“We’re not even the worst affected by those not directly involved [in the war]. There are many parts of the world, in particular north Africa and the Middle East, which depend for their food supply on grains and products coming out of Ukraine and Russia.”
That’s not to say UK firms aren’t facing tough decisions as prices for key commodities are rising sharply – and, Waugh added, supply disruptions could stretch well into the 2022/23 grain marketing year. He also highlighted a 70% increase in London wheat futures, a 250% increase in imported ammonium nitrate prices and a 400% increase in gas forward delivery contracts as examples of price increases.
“Farmers may cut back on fertiliser, which may mean lower yields so higher protein wheats will be more costly to produce,” Waugh added.
Commodities with immediate availability issues because of the conflict are sunflower seeds, oils and lecithins as well as some organic seeds and grains. While there are replacements, many buyers and sellers are seeking to secure supplies so the cost and availability of these is also challenging.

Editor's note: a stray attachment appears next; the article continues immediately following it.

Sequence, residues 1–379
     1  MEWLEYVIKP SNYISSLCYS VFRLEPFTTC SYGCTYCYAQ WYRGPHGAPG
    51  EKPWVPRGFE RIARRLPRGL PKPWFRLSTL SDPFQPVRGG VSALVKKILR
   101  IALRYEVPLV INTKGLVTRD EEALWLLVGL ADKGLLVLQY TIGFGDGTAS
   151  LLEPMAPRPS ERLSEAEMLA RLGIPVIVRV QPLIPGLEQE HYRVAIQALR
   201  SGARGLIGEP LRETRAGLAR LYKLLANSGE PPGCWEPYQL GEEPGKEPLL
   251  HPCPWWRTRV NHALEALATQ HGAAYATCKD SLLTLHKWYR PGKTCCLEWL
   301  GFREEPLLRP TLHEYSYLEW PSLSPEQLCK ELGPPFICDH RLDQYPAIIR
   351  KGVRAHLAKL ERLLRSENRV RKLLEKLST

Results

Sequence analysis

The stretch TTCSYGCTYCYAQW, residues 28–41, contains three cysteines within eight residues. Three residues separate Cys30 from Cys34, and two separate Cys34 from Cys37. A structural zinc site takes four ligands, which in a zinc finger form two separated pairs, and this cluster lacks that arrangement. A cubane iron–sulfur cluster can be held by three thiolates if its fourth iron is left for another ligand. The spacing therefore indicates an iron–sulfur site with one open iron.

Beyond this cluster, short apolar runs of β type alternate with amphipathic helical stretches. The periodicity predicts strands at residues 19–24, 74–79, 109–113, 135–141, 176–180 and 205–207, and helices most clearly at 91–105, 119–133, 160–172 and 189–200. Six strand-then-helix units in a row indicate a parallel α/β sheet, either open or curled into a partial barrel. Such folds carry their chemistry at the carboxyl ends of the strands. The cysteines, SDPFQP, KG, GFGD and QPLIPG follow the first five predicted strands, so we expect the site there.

However, Waugh noted, this does present opportunities for alternative solutions, such as enzyme-based ones, which could improve wheat or flour performance.
Times are tough, but there are opportunities aplenty
Dealing with the aftermath of Covid-19, mitigating rising costs and recruiting and retaining staff in a highly competitive market are just some of the challenges facing Scotland’s Stephens Bakery as well as others.
But fourth-generation Sean and Talia Sarafilovic believe there are plenty of opportunities for maintaining and growing the business. Their five-pronged approach includes: supporting the local community, embracing technology, automation, lean production principles and expanding its estate.
“Our two main focuses for retail are drive-thrus and drive-to stores,” explained Talia. Discussing the opening of Stephens’ first drive-thru in Dunfermline – there are more of the format in the pipeline – she added: “Within one week of opening it was by far our biggest turnover shop and still is now.”
On the production side, Sean said “automation is going to be the way forward” as it allows the business to enhance product quality while mitigating the impact of the competitive labour market. This will include converting paper-based tasks to tech-based ones by embracing technology to monitor production but also staff and customer feedback.